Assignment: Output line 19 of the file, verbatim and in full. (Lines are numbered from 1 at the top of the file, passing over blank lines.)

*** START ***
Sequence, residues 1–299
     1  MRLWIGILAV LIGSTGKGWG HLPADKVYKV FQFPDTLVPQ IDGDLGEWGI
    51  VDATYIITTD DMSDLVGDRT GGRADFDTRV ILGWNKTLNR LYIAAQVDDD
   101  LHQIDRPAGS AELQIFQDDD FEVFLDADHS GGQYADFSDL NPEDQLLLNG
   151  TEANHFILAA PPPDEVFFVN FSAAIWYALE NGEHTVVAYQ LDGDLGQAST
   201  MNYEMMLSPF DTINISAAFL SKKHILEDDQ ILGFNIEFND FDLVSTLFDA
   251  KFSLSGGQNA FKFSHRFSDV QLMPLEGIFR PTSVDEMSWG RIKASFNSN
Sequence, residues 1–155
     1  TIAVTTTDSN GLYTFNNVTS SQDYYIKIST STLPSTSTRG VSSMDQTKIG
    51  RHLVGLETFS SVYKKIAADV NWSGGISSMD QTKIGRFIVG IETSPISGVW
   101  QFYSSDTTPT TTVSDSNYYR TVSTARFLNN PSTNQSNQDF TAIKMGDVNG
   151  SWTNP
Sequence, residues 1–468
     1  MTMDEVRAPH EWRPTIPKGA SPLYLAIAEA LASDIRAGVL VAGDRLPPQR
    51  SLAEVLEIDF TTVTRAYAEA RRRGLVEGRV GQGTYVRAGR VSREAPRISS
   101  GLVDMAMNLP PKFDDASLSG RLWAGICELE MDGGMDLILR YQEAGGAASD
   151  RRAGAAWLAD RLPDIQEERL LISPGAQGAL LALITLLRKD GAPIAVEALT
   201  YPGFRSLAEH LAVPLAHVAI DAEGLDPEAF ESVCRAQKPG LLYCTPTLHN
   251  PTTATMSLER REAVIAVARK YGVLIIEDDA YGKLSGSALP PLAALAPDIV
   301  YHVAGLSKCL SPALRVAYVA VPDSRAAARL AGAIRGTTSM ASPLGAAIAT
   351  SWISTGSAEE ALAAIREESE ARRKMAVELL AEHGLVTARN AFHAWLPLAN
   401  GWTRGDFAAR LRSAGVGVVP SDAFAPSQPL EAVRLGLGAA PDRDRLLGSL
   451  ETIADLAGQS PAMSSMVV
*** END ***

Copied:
   251  PTTATMSLER REAVIAVARK YGVLIIEDDA YGKLSGSALP PLAALAPDIV